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Ten Questions and Answers on Health Care Proxies

1. What is a health care proxy?

A health care proxy is a legal document for authorizing someone, called a "health care agent" to make medical decisions on behalf of the person called a "principal," if he or she becomes incapable of making them. A health care proxy is referred to as an "advance directive" because it is signed in advance of possible mental incapacity. The health care agent is expected to make decisions according to the wishes of the principal about what medical treatments shall or shall not be administered. If the principal’s wishes are not known, the health care agent can make decisions based on the principal’s "best interests," with one exception. In New York, the agent must "know or able to determine" the wishes of the principal concerning the use of artificial nutrition and hydration in order to make decisions about their use.

2. Who can sign a health care proxy?

In New York a health care proxy can be signed by anyone 18 years of age or older, or who has married, or who is the parent of a child.

3. What triggers the use of a health care proxy?

The effectiveness of a health care proxy is triggered by the temporary or permanent inability of the principal to make own health care decisions. If the ability to make decisions returns, the proxy is no longer effective. A subsequent loss of ability re-activates the proxy.

4. What formalities are required for signing a health care proxy?

New York State requires the signature of two witnesses who are not named as the health care agent or as a "successor" agent. Their signatures attest only to the belief that the principal signed of his or her free will.

5. What is the difference between a health care proxy and a durable power of attorney for health care?

There is no substantive difference but New York State law requires the use of a proxy. The other document is used in many other states. Both documents, however, appoint an agent to make health care decisions. The out-of-State durable power of attorney for health care sometimes incorporates the principal’s medical wishes. New York decided not to use the phrase to avoid confusion between financial and medical powers.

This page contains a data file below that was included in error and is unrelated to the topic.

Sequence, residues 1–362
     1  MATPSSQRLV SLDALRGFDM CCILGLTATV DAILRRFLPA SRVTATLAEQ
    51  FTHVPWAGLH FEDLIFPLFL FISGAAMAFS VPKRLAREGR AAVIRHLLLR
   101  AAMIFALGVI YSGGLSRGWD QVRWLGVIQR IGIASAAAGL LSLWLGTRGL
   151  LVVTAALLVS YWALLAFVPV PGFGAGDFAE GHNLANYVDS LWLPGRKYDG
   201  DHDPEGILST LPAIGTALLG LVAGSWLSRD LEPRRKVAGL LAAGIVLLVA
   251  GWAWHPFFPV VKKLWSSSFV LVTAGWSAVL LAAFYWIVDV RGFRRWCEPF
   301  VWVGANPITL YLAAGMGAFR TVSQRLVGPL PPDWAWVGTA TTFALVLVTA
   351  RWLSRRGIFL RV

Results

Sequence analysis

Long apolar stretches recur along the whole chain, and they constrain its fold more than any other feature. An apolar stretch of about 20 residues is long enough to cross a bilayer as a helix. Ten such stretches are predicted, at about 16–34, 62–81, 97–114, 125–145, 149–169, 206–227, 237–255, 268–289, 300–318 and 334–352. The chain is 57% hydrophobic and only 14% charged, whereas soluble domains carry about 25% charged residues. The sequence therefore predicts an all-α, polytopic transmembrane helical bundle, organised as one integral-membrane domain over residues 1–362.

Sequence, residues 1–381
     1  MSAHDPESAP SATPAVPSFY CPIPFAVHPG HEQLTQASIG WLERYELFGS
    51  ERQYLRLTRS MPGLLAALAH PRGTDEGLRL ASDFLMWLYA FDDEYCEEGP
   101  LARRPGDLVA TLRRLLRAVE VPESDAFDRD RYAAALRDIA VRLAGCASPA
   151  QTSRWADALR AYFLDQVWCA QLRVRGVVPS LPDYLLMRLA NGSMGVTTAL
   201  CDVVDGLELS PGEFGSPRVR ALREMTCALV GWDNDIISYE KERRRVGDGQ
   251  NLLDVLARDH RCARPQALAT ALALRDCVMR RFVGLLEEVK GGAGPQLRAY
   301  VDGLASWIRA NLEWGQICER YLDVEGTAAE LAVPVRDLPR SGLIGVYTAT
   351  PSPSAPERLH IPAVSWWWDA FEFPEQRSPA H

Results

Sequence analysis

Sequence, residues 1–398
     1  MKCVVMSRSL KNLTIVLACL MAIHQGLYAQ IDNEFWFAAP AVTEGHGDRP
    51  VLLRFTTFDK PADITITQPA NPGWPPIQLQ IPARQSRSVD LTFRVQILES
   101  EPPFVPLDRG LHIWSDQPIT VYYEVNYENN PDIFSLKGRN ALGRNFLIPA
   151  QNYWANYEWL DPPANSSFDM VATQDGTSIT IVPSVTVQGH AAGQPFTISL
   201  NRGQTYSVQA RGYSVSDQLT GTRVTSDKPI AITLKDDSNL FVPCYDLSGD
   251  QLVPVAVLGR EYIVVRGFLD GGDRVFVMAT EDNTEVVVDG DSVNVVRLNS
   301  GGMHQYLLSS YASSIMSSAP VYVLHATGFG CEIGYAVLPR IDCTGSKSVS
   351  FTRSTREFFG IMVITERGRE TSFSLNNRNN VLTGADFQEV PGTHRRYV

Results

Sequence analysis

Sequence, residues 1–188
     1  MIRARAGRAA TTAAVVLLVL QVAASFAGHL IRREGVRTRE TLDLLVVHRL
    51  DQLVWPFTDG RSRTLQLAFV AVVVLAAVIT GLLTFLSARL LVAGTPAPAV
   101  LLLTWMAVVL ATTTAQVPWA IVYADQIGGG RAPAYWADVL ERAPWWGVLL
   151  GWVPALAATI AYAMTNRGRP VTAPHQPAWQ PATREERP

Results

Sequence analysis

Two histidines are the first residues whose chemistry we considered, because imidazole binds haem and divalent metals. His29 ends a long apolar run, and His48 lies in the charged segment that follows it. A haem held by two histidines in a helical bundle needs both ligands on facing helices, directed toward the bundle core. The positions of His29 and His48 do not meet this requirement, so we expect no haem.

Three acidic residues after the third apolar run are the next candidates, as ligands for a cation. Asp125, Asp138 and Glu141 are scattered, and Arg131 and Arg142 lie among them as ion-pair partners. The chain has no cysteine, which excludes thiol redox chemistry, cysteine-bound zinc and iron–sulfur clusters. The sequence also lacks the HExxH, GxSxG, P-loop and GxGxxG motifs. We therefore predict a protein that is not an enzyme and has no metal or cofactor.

6. How many agents can a principal name?

New York permits the appointment of only one agent to act at a time. This limitation does not prevent the appointment of one or more "successor" agents who can assume the role if the named agent is unavailable, unable or unwilling to act when necessary.

7. What are the advantages of health care proxies?

Health care proxies offer the opportunity for a person with strong convictions about the care they want, or don’t want, to affect medical decision-making for themselves, even if their own voice is stilled. They provide maximum flexibility for a health care agent to make decisions, based on the day-by-day conditions of a patient.

8. What are the disadvantages of health care proxies?

There are no disadvantages to health care proxies. But they can best be used to fulfill the patient’s wishes if the agent is aware of those wishes. Hesitancy in discussing health care preferences interferes with the effective use of proxies. Detailed communication between principal and agent about end-of-life wishes is most desirable.

9. Can health care proxies be used out-of-State?

The usefulness of the health care proxy out-of-State depends upon the law or policy of the second state. The best practice for a person who lives elsewhere part-time, or visits frequently, is to sign a similar document provided under the other state’s law.

10. What are the common misunderstandings about health care proxies?

Most New York proxy forms contain a statement to be signed by the witnesses that the principal was "of sound mind," and most believe this statement necessary. The language, however, is not required by the statute which "presumes" the patient competent to sign unless determined otherwise by a court.

 

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